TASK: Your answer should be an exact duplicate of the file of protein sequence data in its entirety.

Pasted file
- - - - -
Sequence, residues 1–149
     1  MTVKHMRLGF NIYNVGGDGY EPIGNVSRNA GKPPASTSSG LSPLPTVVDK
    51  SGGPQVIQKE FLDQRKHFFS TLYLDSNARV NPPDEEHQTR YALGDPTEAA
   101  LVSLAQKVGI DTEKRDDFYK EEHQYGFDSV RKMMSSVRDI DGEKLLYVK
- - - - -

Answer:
Sequence, residues 1–149
     1  MTVKHMRLGF NIYNVGGDGY EPIGNVSRNA GKPPASTSSG LSPLPTVVDK
    51  SGGPQVIQKE FLDQRKHFFS TLYLDSNARV NPPDEEHQTR YALGDPTEAA
   101  LVSLAQKVGI DTEKRDDFYK EEHQYGFDSV RKMMSSVRDI DGEKLLYVK